The agency responsible for making sure workplaces are safe has found hundreds of violations related to coronavirus since the pandemic began, according to a news release from the Occupational Safety and Health Administration (OSHA) of the United States Department of Labor. In just one week, from November 6th through the 12th, OSHA conducted 29 inspections resulting in citations totaling $296,919 nationwide and $162,361 in New Jersey.
During the course of the pandemic, the agency has issued 232 citations, resulting in proposed penalties of $3,148,452 nationwide. Workplace safety violations ranged from failure to record or report injuries, illnesses and fatalities, and even lack of a written respiratory protection program. Employers were cited for not conducting training on the proper use of a respirator or PPE (personal protective equipment). In some instances, there were no medical evaluations or respirator fit tests. Such violations could put employees and customers/patients at risk during the COVID-19 pandemic.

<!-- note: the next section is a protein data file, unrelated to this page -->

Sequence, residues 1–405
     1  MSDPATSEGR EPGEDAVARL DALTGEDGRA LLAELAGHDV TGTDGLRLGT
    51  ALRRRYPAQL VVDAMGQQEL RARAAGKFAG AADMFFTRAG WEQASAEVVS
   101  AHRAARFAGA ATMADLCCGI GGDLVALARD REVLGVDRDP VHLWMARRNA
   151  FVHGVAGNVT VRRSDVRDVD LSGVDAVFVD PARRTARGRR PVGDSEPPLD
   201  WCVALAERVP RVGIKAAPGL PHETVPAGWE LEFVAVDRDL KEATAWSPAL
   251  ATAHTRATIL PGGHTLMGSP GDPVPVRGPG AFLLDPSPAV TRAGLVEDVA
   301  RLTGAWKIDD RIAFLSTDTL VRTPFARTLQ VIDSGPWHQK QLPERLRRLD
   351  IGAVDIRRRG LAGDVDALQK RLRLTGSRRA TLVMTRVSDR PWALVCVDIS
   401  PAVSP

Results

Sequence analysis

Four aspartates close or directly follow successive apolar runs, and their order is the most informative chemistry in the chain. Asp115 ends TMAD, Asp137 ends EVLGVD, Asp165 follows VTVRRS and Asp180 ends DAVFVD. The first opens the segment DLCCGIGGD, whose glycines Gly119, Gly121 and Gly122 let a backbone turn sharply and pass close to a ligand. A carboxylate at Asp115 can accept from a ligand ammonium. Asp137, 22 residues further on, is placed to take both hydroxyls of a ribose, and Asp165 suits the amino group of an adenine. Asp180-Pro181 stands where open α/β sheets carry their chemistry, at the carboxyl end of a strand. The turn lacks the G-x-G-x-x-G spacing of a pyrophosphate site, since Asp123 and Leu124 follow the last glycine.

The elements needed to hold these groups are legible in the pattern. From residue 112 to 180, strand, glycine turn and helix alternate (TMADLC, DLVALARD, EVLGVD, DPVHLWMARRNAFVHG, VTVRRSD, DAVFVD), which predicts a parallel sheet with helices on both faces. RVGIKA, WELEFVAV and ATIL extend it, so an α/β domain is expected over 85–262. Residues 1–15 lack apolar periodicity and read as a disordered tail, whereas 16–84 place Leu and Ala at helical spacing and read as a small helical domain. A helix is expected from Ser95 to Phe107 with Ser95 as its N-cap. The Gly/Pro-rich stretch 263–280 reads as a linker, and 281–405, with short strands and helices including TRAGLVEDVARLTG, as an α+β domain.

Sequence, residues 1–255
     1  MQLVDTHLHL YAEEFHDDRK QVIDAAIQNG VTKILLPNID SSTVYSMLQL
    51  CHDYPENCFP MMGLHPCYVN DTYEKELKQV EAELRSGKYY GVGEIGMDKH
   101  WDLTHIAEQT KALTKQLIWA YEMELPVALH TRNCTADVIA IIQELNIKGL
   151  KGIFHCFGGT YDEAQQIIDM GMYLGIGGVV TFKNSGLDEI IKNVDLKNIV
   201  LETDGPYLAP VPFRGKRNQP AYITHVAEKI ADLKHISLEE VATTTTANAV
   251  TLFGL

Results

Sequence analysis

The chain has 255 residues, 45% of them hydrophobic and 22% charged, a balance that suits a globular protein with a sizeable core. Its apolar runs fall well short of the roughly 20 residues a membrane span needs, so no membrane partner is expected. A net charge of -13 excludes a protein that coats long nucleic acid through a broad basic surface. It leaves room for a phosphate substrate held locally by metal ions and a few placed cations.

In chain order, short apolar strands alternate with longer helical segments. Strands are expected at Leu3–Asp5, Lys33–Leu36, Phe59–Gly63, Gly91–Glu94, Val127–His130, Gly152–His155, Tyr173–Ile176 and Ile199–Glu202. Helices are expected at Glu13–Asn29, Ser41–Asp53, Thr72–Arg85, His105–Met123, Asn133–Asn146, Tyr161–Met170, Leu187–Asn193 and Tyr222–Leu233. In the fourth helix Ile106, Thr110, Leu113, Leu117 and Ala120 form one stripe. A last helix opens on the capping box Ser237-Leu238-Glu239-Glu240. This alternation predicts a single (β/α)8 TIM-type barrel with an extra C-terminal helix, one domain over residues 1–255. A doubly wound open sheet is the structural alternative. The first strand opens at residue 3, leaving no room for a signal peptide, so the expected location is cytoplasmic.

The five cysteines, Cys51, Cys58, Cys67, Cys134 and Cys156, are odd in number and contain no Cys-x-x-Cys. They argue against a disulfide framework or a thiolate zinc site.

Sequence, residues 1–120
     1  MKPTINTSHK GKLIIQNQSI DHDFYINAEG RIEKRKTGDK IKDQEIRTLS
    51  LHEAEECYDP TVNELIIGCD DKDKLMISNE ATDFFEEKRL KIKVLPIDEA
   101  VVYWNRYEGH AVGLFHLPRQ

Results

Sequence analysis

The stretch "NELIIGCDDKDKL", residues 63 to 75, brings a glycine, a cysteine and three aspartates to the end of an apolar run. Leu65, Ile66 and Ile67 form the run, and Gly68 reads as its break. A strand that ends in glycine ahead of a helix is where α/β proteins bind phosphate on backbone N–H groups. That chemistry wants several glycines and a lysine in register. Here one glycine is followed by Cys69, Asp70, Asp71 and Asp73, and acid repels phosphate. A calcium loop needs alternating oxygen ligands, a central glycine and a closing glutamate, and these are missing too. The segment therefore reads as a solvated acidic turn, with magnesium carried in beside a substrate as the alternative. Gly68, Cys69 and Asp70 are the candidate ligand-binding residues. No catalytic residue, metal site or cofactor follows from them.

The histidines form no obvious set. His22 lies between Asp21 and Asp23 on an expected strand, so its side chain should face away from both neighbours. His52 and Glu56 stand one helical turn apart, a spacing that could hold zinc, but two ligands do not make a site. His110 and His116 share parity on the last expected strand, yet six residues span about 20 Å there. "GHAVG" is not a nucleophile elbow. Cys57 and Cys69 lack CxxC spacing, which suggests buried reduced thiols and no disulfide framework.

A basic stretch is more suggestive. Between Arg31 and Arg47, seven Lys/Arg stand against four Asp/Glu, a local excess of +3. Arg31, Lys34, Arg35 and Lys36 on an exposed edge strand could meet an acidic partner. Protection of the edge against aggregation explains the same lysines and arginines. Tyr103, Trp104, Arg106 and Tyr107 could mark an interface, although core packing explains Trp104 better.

Any action or inaction that violates the Occupational Safety and Health Act of 1970 was grounds for citation. According to this Act, reported OSHA, “employers are responsible for providing safe and healthful workplaces for their employees.” OSHA helps ensure safe conditions through education and enforcement of standards.
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